Iran was responsible for the attacks on two Saudi oil facilities earlier this month, the leaders of the United Kingdom, France and Germany said, drawing a sharp response from Iranian officials. The leaders issued a joint statement on Monday [23 September] as British Prime Minister Boris Johnson hinted that the UK may withdraw from the Iran nuclear deal, as US President Donald Trump did last year. All three countries are signatories to the 2015 Joint Comprehensive Plan of Action (JCPOA) – commonly referred to as the “nuclear deal” – between Iran and world powers, which offered Iran relief from global sanctions in exchange for imposing limitations on its nuclear programme. The 14 September drone attacks, which were claimed by the Houthi rebels in Yemen, have elevated tensions in the region. (Aljazeera)

Overview of recent events

The attacks on the Saudi Arabian oil facilities on 14 September reportedly involved 18 drones and seven cruise missiles and rapidly escalated conflict between Saudi Arabia (the leading Sunni Islam power), Iran (the leading nation for Shia Islam) and Western powers that has been building for months. More than half of Saudi Arabia’s oil output was affected, which translated to five percent of the global oil supply, as the Islamic kingdom is the world’s top global exporter of oil.

The attack was claimed by the Iran-backed Houthi rebels in Yemen (who are fighting a Saudi-led coalition), but US Secretary of State Mike Pompeo accused Iran of orchestrating the attack, and other world powers have followed suit. Iran has vehemently denied and rejected these allegations, while also calling for an end to the war in Yemen.

Saudi Crown Prince Mohammed bin Salman said that the kingdom would “confront and deal with this terrorist aggression”, and that the attacks were “a dangerous escalation for the whole world that requires a firm stand to preserve international peace and security”. With the US and Saudi Arabia long having kept to a strategic alliance, Mr Trump hinted that the US would take military action if necessary, and said that US troops would be sent to Saudi Arabia to boost its security.

At the recent United Nations General Assembly in New York, Iranian President Hassan Rouhani said that his nation would not tolerate “provocative intervention of foreigners”. He also accused the US of “merciless economic terrorism” and warned that the Gulf region “is on the edge of collapse as a single blunder can fuel a big fire”.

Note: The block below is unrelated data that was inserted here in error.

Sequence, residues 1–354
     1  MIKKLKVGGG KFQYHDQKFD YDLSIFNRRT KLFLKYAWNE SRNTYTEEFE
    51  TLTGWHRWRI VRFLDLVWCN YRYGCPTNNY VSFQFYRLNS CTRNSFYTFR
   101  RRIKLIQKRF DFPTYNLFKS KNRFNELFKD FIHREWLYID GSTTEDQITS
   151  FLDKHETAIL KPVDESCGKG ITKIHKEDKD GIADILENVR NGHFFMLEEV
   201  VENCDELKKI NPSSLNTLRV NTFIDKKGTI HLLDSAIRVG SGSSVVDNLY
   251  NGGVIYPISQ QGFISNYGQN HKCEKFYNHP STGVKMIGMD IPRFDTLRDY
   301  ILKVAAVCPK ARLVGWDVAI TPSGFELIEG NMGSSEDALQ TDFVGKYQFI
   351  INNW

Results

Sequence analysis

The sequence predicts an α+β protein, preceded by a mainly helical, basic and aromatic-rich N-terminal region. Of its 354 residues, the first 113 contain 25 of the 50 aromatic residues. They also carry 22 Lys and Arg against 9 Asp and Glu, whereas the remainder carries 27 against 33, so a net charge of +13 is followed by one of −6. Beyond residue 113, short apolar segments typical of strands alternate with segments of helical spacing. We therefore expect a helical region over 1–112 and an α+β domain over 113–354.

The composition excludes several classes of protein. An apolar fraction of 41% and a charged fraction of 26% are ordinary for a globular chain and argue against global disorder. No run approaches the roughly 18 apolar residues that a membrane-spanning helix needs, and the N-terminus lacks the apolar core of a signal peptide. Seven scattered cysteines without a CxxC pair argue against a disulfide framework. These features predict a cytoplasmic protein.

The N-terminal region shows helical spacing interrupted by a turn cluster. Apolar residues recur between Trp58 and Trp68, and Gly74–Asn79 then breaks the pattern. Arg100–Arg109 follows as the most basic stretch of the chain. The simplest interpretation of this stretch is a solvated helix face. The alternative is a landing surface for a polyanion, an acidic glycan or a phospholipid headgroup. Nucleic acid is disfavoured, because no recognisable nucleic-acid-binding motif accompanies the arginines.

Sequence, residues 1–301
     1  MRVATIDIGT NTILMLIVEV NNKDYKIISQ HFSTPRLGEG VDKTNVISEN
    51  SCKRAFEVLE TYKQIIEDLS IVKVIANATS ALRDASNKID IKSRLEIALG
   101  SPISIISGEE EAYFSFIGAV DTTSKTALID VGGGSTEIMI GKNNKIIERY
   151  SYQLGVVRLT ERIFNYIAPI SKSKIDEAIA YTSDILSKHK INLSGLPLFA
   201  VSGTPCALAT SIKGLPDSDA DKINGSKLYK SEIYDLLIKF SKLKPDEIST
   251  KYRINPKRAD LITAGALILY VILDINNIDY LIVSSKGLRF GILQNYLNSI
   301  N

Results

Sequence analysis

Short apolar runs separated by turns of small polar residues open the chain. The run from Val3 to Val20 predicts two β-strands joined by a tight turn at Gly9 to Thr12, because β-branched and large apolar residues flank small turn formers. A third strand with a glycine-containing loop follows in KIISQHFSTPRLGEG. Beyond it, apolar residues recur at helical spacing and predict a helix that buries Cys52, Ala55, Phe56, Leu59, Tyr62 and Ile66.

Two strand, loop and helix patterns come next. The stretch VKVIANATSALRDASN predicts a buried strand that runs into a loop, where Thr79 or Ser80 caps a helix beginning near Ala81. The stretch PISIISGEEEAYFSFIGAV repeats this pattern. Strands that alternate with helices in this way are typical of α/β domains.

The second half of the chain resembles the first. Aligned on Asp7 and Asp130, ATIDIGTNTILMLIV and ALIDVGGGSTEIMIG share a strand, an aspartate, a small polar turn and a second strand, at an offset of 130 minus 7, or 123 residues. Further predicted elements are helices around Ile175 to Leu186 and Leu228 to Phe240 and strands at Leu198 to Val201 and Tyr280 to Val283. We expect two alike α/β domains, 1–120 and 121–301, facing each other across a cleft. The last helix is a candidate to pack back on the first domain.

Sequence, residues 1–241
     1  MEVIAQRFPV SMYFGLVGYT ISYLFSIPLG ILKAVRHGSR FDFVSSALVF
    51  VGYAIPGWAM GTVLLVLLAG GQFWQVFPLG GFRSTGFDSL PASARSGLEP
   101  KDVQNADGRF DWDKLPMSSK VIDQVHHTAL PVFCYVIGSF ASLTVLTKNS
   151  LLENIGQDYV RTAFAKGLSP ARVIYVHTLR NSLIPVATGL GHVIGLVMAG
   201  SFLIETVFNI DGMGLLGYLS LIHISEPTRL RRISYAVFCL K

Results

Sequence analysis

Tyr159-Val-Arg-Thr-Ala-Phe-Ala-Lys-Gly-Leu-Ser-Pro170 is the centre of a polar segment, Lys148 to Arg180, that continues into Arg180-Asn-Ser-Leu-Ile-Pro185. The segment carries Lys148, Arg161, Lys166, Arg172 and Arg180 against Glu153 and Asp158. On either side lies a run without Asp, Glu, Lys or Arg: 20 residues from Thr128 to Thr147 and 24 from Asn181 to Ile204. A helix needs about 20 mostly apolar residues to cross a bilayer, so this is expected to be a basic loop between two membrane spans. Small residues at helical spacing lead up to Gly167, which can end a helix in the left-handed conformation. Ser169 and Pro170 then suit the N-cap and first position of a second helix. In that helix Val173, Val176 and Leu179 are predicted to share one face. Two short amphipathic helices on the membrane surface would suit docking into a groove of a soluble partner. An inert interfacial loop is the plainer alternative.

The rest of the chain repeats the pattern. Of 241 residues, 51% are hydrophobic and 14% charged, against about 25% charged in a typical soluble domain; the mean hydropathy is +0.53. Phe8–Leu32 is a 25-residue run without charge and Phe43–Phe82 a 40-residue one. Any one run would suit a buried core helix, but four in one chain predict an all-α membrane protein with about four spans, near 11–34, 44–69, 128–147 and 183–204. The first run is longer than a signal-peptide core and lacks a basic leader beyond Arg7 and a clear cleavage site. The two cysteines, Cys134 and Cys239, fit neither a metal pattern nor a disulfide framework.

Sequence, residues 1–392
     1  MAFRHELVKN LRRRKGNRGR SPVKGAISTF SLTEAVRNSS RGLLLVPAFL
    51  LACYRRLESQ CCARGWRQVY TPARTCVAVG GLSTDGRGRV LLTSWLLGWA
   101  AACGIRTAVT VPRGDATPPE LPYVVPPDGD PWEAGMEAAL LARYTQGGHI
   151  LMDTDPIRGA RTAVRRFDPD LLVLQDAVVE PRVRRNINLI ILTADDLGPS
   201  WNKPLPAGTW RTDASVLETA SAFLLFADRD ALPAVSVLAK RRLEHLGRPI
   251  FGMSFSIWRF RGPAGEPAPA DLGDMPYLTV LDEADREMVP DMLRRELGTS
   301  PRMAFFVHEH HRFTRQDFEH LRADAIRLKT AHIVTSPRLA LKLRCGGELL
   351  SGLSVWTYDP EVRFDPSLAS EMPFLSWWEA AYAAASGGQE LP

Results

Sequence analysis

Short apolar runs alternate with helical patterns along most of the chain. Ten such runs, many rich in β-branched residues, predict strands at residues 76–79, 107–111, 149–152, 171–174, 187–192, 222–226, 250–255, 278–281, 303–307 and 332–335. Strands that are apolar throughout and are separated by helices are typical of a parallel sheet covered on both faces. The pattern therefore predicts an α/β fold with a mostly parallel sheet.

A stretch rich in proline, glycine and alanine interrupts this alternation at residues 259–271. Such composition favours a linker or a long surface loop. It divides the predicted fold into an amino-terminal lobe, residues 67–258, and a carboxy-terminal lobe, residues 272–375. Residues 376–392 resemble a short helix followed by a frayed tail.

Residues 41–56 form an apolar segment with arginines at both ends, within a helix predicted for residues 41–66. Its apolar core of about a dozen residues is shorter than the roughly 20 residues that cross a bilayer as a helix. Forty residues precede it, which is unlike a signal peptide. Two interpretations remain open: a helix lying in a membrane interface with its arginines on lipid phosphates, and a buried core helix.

There are many different ways in which to view the current situation, and many different concerns. For some, especially in the West, there are concerns about the economy and how the disruption in oil production will have ripple effects. There are also political concerns about what the current tensions mean for the Iranian nuclear deal and what might happen down the line if that falls apart. For journalists seeking the ‘truth’ of the situation, there are challenges regarding accurate information about who is actually responsible for what. For Iranians, there may be fears of being caught up in an actual war, and for humanitarian agencies, the focus might be on the fact that yet another war might create thousands of new refugees in addition to all those around the world currently in need of assistance.

For Christians, all of these concerns might impact us in different ways, but from a Kingdom perspective, they are not our primary focus. We are called to understand (even if not in full) how God is using the situation to draw people to Himself, and how He might want us to be a part of that. One trend we see again and again is how Islam is divided against itself (primarily Sunni against Shia), and how disillusionment among Muslims may create more of an openness to the Gospel – in the current conflict between Saudi Arabia and Iran, the deep divisions could prove to be a Kingdom benefit. There is also a continued need for a Christian mission presence in the Muslim world – if Christianity is associated with the West and if the Western world is seen to be responsible for war and conflict, then there needs to be Christians who can present a different face and voice and who can live out Christ’s love in person.

In all of this, there is need for much prayer – for wisdom for decision makers in positions of power, for peace-makers to work against an escalation towards war, for softened hearts among Muslims who are impacted by the tensions and conflict, and for local and foreign believers in the Muslim world to be salt and light in a way that would draw others into the Kingdom of God.



  • For peacemakers in the various governments to work against escalations towards war
  • For the conflict and divisions within Islam to soften hearts to the Gospel message
  • For Christians in the Muslim world to be channels of peace, life and hope in Christ